Nugent followed Limbaugh's lead. In response to the verdict, Nugent penned an op-ed claiming that Martin was "a dope-smoking, racist, gangster wannabe." He went on to blame President Obama for a "surge in black racism" and concluded, "The jury got it right." This isn't surprising given that Nugent, at a 2007 concert, raged that Obama could "suck on his machine gun." In 2012, the musician notoriously was investigated by the U.S. Secret Service after making suggestive threats to the president's life, claiming, at an NRA convention, that he'd either be "dead or in jail" if Obama won re-election. (None of this, of course, stopped Mitt Romney from fundraising with Nugent during the 2012 contest.)


Rep. Steve King (R-Iowa), a Tea Party favorite and regular Obama critic, told Fox News he believed no charges should have ever been brought against Zimmerman. This from a man who in July 2010 claimed that black farmers in the USDA Pigford case only wanted "reparations" and who criticized President Obama for having a "mechanism" in his brain that "favors black people."

Meanwhile, on Tuesday, Wagner outlined the curious response from conservatives like Ann Coulter, who, within minutes of Zimmerman's "not guilty" verdict, tweeted "Hallelujah!" and Fox News' Geraldo Rivera, who suggested the child victim got what he deserved, saying, "If you dress like a thug, people are going to treat you like a thug." Rivera empathized with the jury of mostly white women, opining that they "would have shot Trayvon Martin a lot sooner than George Zimmerman did."

MSNBC's Joy Reid put it best when she compared the celebratory reactions to disturbing photos of Jim Crow South lynching parties. Speaking to Wagner, she described the smiles on faces of white attendees to the brutal murders, hanging and (at times) burning of black bodies, and compared the images to those of people who now appear to dance on the grave of Trayvon Martin. "Think about what they're rejoicing about. They're rejoicing about the fact that somebody got acquitted for shooting and killing a teenager." Reid questioned what kind of mind would "find that glorious," and concluded that there are people "with that much hatred and that much bile."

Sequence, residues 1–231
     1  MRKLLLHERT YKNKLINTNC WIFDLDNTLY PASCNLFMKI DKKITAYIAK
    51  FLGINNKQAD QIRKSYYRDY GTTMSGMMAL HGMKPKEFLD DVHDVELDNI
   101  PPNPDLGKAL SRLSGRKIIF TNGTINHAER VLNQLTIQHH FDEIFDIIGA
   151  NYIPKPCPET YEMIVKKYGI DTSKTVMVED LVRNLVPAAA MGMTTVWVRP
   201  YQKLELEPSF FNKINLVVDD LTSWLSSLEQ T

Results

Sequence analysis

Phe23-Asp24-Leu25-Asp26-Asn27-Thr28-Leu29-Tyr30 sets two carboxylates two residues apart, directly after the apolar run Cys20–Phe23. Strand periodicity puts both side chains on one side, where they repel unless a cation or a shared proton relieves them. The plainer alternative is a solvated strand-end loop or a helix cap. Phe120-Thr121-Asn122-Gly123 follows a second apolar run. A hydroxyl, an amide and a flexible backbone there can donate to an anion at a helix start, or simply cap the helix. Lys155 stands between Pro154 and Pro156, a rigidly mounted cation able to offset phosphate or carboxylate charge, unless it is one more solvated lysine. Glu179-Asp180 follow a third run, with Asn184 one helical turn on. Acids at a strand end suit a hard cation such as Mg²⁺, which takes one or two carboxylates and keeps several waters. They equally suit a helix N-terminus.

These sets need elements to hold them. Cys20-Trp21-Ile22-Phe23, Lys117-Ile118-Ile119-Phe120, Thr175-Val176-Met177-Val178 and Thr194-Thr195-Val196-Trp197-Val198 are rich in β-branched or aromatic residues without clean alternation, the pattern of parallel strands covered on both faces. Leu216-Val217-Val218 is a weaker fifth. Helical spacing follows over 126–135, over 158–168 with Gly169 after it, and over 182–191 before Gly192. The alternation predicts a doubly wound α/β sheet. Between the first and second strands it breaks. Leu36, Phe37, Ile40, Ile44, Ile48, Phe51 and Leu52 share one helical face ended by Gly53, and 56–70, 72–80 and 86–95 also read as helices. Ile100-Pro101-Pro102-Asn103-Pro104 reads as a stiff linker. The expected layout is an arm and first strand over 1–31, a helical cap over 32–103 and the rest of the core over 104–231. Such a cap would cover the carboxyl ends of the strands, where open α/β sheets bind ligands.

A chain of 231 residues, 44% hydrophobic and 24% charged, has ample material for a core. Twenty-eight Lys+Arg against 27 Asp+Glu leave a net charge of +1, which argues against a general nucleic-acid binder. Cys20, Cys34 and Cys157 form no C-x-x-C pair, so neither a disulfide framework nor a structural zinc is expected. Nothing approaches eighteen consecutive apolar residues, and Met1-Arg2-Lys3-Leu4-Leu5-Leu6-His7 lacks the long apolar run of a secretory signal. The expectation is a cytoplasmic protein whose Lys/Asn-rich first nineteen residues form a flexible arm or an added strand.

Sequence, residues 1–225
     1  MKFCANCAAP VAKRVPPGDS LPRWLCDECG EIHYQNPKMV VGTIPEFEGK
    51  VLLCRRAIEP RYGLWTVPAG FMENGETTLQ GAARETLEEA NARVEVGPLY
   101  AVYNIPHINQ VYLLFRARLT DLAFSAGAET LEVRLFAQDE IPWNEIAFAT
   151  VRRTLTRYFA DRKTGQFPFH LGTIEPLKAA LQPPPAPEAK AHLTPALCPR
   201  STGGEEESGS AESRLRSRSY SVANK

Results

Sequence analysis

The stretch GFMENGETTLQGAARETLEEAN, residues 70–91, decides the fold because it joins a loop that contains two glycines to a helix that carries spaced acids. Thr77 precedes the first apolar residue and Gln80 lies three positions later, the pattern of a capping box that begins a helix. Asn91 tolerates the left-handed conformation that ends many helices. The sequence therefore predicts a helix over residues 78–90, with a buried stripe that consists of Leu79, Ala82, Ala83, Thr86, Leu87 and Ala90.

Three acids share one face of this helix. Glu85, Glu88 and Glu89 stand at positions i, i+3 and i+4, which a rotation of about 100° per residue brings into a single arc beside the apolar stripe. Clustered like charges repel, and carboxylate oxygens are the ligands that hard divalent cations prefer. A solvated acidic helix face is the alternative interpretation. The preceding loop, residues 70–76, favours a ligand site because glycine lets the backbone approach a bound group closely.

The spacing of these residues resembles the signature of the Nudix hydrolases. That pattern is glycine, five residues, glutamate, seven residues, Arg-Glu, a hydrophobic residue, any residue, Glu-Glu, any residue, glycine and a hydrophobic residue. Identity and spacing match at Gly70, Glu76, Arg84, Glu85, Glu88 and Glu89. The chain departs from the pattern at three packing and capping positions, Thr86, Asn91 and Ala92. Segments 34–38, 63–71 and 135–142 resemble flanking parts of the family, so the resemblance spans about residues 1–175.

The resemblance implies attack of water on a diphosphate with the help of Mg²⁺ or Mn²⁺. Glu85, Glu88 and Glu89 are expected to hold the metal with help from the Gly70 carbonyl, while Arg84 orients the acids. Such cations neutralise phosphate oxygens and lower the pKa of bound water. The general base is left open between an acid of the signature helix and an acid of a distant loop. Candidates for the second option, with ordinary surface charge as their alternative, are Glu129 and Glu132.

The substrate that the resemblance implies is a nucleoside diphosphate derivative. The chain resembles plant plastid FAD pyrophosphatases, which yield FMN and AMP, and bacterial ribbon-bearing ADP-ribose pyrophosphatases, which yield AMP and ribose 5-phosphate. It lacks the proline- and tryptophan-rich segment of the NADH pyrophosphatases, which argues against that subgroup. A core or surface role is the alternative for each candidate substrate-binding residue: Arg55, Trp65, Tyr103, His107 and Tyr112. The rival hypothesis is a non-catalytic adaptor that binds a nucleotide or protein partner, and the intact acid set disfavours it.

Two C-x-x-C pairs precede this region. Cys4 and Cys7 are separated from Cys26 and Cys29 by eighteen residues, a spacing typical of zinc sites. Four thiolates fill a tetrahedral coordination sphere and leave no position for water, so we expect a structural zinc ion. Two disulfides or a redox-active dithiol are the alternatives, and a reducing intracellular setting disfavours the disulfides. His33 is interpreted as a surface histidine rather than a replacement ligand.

And then there was this: Just a day after declaring the verdict a victory — and in response to an interview of Trayvon's friend Rachel Jeantel — Limbaugh gleefully told his audience he's now free to use the n-word, as long as he adds an "a" at the end. His mocking tone and callous indifference to Trayvon's life exposes why some have chosen to see Zimmerman's acquittal as a personal political win: because this is the kind of validation and affirmation they've been seeking since Jan. 20, 2009.

It is a modern-day lynching party. And conservatives are smiling.

Edward Wyckoff Williams is a contributing editor at The Root. He is a columnist and political analyst, appearing on Al-Jazeera, MSNBC, ABC, CBS Washington, Arise America and national syndicated radio. Follow him on Twitter and Facebook.


Edward Wyckoff Williams is a contributing editor at The Root. He is a columnist and political analyst, appearing on Al-Jazeera, MSNBC, ABC, CBS Washington and national syndicated radio. Follow him on Twitter and on Facebook.